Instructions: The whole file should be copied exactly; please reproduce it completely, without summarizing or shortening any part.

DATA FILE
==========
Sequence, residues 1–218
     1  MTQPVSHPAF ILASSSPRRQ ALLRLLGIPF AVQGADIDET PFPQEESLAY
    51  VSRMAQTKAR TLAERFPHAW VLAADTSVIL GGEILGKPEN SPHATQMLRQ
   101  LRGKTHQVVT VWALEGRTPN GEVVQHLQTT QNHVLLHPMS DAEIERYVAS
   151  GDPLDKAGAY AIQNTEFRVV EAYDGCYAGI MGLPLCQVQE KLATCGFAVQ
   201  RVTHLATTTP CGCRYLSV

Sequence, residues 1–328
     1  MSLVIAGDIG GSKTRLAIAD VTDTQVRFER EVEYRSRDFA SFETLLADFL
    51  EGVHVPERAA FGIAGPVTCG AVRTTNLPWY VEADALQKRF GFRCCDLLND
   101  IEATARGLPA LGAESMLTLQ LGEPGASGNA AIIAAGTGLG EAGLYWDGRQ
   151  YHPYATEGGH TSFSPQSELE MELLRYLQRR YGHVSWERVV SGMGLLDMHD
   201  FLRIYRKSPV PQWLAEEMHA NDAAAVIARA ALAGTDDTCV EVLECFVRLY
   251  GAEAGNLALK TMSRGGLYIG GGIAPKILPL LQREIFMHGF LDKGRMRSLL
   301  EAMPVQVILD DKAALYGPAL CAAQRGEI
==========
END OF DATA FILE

Sequence, residues 1–218
     1  MTQPVSHPAF ILASSSPRRQ ALLRLLGIPF AVQGADIDET PFPQEESLAY
    51  VSRMAQTKAR TLAERFPHAW VLAADTSVIL GGEILGKPEN SPHATQMLRQ
   101  LRGKTHQVVT VWALEGRTPN GEVVQHLQTT QNHVLLHPMS DAEIERYVAS
   151  GDPLDKAGAY AIQNTEFRVV EAYDGCYAGI MGLPLCQVQE KLATCGFAVQ
   201  RVTHLATTTP CGCRYLSV

Sequence, residues 1–328
     1  MSLVIAGDIG GSKTRLAIAD VTDTQVRFER EVEYRSRDFA SFETLLADFL
    51  EGVHVPERAA FGIAGPVTCG AVRTTNLPWY VEADALQKRF GFRCCDLLND
   101  IEATARGLPA LGAESMLTLQ LGEPGASGNA AIIAAGTGLG EAGLYWDGRQ
   151  YHPYATEGGH TSFSPQSELE MELLRYLQRR YGHVSWERVV SGMGLLDMHD
   201  FLRIYRKSPV PQWLAEEMHA NDAAAVIARA ALAGTDDTCV EVLECFVRLY
   251  GAEAGNLALK TMSRGGLYIG GGIAPKILPL LQREIFMHGF LDKGRMRSLL
   301  EAMPVQVILD DKAALYGPAL CAAQRGEI